A Charitable Solution?

The beverage giants are responding by acknowledging those crises and linking their water entries to charitable causes. PepsiCo announced last month at the World Economic Forum in Davos it will donate $2.5 million to Damon’s H2O Africa charity. The clean water initiative ties in with his Running the Sahara film project which is set for release in April or May. The film will document three men who ran 4,000 miles across the desert to raise awareness of the water crisis in Africa where one child dies every 15 seconds from dirty water.

Additionally, under its charitable arm the PepsiCo Foundation, the company also delivered a $6 million grant to the Earth Institute at Columbia University. The institute is working to develop solutions for global water scarcity. The foundation pledges to bring more than one million people safe drinking water by 2010. Similarly, Coke has partnered with organizations like the World Wildlife Fund as part of its commitment to water stewardship and sustainable communities. Nestlé also regularly works with policy makers and is a partner with Project WET (water education for teachers).

Running the Sahara’s producer and founder of H20 Africa, Larry Tanz, said PepsiCo’s partnership was a perfect fit because it aligns “with PepsiCo’s corporate objectives and helps us go out and execute water-related projects.”

Damon was unavailable for comment. Last week he was on location in Morocco shooting a Paul Greengrass project filming under the name The Green Zone.

The Ethos Water Fund has donated $4.2 million in grants to support water, sanitation and hygiene education programs. On March 22, Ethos and nongovernmental organization partners will host “Walks for Water.” The events, inspired by the journey women and children in water-stressed countries make each day to get clean water for their families, will take place in New York, Los Angeles, Seattle and other cities.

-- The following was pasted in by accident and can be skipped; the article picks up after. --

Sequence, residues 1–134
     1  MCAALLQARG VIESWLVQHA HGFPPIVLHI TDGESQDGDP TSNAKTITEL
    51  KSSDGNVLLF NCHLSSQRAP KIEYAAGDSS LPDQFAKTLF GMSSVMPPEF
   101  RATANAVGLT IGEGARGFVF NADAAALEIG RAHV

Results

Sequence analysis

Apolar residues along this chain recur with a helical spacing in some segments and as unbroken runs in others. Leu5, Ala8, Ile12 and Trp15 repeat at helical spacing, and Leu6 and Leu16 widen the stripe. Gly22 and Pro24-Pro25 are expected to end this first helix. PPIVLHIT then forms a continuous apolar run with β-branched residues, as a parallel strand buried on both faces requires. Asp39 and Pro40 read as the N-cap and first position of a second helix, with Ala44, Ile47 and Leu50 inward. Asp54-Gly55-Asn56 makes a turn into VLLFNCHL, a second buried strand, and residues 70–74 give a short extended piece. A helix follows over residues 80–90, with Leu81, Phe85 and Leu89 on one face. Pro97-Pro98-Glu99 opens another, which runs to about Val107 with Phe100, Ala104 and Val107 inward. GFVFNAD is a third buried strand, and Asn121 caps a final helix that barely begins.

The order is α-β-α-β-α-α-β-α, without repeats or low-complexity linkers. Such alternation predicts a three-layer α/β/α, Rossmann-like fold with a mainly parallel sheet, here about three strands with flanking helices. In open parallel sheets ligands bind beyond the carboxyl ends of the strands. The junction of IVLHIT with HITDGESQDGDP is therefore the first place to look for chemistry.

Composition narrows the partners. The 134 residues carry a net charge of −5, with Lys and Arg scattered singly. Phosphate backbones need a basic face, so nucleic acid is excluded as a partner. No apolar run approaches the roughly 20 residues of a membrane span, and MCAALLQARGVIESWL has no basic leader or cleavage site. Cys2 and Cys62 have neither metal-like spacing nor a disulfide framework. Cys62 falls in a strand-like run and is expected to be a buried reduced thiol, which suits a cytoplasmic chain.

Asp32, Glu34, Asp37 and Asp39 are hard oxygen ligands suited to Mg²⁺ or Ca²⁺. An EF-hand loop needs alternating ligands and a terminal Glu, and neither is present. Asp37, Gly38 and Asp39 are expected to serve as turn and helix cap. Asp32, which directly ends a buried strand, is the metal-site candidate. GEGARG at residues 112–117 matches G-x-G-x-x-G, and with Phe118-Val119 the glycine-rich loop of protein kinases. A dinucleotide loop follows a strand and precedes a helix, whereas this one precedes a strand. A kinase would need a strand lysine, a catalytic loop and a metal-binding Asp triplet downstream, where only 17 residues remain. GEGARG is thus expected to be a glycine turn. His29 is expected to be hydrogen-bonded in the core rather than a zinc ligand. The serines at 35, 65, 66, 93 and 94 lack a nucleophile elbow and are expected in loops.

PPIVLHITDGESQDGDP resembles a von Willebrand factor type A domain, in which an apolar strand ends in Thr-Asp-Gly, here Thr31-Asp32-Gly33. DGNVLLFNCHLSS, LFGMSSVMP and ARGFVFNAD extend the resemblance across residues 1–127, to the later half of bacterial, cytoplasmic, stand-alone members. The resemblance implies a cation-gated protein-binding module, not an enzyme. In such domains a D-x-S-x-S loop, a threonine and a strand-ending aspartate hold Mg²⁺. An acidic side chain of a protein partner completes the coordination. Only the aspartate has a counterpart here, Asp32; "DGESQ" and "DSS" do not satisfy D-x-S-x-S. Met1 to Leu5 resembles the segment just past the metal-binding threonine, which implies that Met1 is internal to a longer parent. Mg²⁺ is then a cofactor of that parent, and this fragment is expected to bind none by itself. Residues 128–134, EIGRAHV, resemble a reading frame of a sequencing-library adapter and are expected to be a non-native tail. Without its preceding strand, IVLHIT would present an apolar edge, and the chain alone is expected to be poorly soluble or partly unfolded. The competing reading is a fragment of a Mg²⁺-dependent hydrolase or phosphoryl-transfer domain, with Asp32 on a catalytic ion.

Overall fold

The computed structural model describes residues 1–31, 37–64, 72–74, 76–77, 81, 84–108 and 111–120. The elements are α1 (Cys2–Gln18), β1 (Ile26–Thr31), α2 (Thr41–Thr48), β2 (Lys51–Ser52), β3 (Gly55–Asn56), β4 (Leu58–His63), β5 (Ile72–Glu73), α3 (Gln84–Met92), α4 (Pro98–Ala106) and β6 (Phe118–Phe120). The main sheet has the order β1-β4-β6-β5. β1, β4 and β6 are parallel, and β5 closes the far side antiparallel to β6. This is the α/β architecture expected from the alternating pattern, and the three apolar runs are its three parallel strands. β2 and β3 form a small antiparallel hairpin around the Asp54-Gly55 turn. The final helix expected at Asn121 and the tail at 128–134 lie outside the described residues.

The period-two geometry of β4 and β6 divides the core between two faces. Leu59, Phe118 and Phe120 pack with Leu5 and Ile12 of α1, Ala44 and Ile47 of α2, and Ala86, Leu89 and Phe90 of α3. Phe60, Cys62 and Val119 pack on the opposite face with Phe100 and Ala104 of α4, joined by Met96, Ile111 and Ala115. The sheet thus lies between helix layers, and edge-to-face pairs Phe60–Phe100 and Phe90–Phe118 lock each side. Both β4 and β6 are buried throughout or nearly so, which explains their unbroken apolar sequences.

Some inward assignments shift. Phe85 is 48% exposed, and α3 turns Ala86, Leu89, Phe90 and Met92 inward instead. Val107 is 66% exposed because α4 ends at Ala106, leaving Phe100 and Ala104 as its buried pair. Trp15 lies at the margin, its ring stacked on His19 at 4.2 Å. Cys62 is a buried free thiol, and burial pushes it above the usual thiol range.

Not everyone believes such charitable efforts will reverse the industry’s bad pr. The Damon connection “may go a long way with the Sundance/Prius crowd, but not necessarily with the hard core live off the grid crowd,” said Ted Wright, managing partner of Fizz, a word-of-mouth beverage company based in Atlanta.

Jonathan Greenblatt, one of the founders of Ethos, applauded PepsiCo: “The vision was to help children of the world get clean water. This allowed us to scale the brand enormously . . . I hope Coke copies it, and Nestlé; what could be better?”

Ethos is not the first of its kind. Keeper Springs has raised more than $500,000 for environmental charities since Robert Kennedy Jr. founded it in 1998. Unlike Ethos, all profits go to charity. That turned off Starbucks, with whom the organization had discussions five years ago, and Pepsi, which they tried to contact through intermediaries. “It’s too dangerous to declare 100% of the profits,” said Keeper Springs manager Chris Bartle. “Bobby and I don’t take salaries.”

Additionally, pushing a for-profit product has been difficult as evinced by the mixed reaction Project Red received. That brand, which tied in with Gap and American Express, among others, was criticized for not giving enough to its stated cause, Africa. “With Red, consumers were initially shocked. They said, “What do you mean you’re making money?’” said Dean Crutchfield, svp-marketing at brand consultancy Wolff Olins, New York, which worked on Red. “People were initially upset.” Crutchfield said now the idea of for-profit philanthropy has become more accepted. “People don’t want the new marketing gadget of the 20th century, they want functionality and additional relevance. Doing something good is where the power will be.”